The Times March 09, 2006
Pay traffic fines or we'll clamp you, foreigners warned
By Ben Webster, Transport Correspondent
FOREIGN drivers will have their vehicles clamped until they have paid fines for traffic offences under measures aimed at the growing number of visitors to Britain who ignore penalty notices.
The Department for Transport said that the rules, being introduced as an amendment to the Road Safety Bill, would be applied first to lorry drivers and extended later to car drivers.
At present, foreign lorry drivers who are stopped for motoring offences are required only to provide an address, and can then drive off. There are increasing instances of drivers not being traced, not providing accurate addresses and not returning for court appearances.
By contrast, thousands of British drivers caught committing offences on the Continent each year have to pay on-the-spot fines of up to £900 and can be escorted by police to cashpoints. In France, drivers caught exceeding the speed limit by more than 25mph can also have their licences confiscated on the spot.
Alistair Darling, the Transport Secretary, said: “We are closing the door on foreign drivers who think they can offend here and disappear. With the measures we are introducing, if they don’t pay they don’t drive away, it’s as simple as that. It is about making our roads safer and creating a level playing field as this is common practice across Europe.”
Under the rules, foreign drivers will be required to pay a deposit on the spot which will be equal to the appropriate fine for the offence. Drivers will be able to contest the penalty in court. If drivers are unable to pay, police will be able to clamp their vehicle.
The number of foreign lorries entering Britain has more than tripled since 1995, to 1.5 million a year. Foreign haulage firms are able to undercut British companies because of lower fuel costs on the Continent and a plentiful supply of eastern European drivers willing to work for lower wages.
A study by the Freight Transport Association (FTA) suggested that foreign drivers were more likely to commit traffic offences than British drivers. A government survey found that one in seven foreign lorry drivers stopped by vehicle inspectors had driven longer than permitted. The FTA said: “In the past it has been too easy for offending foreign drivers to simply leave the country and avoid a fine. That situation will change with the new rules.”
However, the power to clamp vehicles will have no impact on visitors who are caught by cameras. Police are usually unable to obtain the names and addresses of foreign drivers from their numberplates. At least 65,000 foreign drivers escaped prosecution after being photographed by speed cameras last year.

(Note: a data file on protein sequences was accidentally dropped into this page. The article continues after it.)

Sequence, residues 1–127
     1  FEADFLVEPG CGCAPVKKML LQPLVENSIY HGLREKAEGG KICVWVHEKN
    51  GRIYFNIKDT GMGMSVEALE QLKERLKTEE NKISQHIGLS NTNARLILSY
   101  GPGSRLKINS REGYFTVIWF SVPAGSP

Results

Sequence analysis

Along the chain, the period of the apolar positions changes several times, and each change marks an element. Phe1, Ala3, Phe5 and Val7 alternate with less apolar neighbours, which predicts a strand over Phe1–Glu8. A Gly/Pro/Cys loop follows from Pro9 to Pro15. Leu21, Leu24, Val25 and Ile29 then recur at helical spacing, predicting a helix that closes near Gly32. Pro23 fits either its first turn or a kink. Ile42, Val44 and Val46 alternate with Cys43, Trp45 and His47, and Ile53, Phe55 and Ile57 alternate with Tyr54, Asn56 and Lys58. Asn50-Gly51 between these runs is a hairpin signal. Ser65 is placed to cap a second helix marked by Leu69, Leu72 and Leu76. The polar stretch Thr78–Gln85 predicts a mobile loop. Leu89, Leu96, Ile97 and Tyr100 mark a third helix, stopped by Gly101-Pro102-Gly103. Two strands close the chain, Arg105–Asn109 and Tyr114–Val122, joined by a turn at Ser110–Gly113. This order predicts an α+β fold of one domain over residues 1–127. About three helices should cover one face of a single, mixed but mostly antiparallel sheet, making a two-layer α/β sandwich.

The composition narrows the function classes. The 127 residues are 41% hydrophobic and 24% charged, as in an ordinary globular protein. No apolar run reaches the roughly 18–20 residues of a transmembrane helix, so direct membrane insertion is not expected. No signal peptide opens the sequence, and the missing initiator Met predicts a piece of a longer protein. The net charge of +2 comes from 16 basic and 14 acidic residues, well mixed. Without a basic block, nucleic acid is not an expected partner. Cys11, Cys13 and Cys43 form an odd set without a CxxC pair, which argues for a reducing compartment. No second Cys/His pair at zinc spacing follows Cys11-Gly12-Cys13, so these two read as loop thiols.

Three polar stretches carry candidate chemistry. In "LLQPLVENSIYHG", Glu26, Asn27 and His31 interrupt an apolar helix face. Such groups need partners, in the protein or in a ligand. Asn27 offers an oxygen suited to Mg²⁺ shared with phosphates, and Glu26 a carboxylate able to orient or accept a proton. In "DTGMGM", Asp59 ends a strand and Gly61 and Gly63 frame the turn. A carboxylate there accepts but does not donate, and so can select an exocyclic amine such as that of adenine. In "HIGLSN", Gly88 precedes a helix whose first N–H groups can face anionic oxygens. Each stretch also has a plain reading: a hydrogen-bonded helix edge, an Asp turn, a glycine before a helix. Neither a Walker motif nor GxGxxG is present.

Edmund King, director of the RAC Foundation, said: “For this to be effective we will need more traffic police rather than relying too heavily on cameras. There has been an 11 per cent decline in traffic police since 1997.”
Foreign drivers also owe £30 million in unpaid parking and bus lane tickets that were issued in London in 2004. Drivers of foreign-registered vehicles were given more than 330,000 tickets but only one in twenty was paid, according to a study for the Association of London Government. French drivers were the most common offenders. Other countries with a high rate of unpaid tickets include Germany, Ireland, Poland and Lithuania.
The study found that almost half of London boroughs prioritise foreign vehicles for clamping and removal because they believe that this is the only way to ensure that drivers are penalised. Foreign drivers also owe more than £10 million in congestion charge fines.
# More than 160,000 motorists have nine points on their licences and are one speeding offence away from an automatic six-month driving ban, according to a survey commissioned by Direct Line insurance
# YouGov questioned 2,430 adults and found that 16 per cent had at least three points on their licences, 3 per cent had six or more points and 0.5 per cent had nine points
# One in seven drivers with six or more points said they would lose their jobs if they were banned from driving. More than half (57 per cent) of those surveyed said that the 6,000 speed cameras had no impact on their speed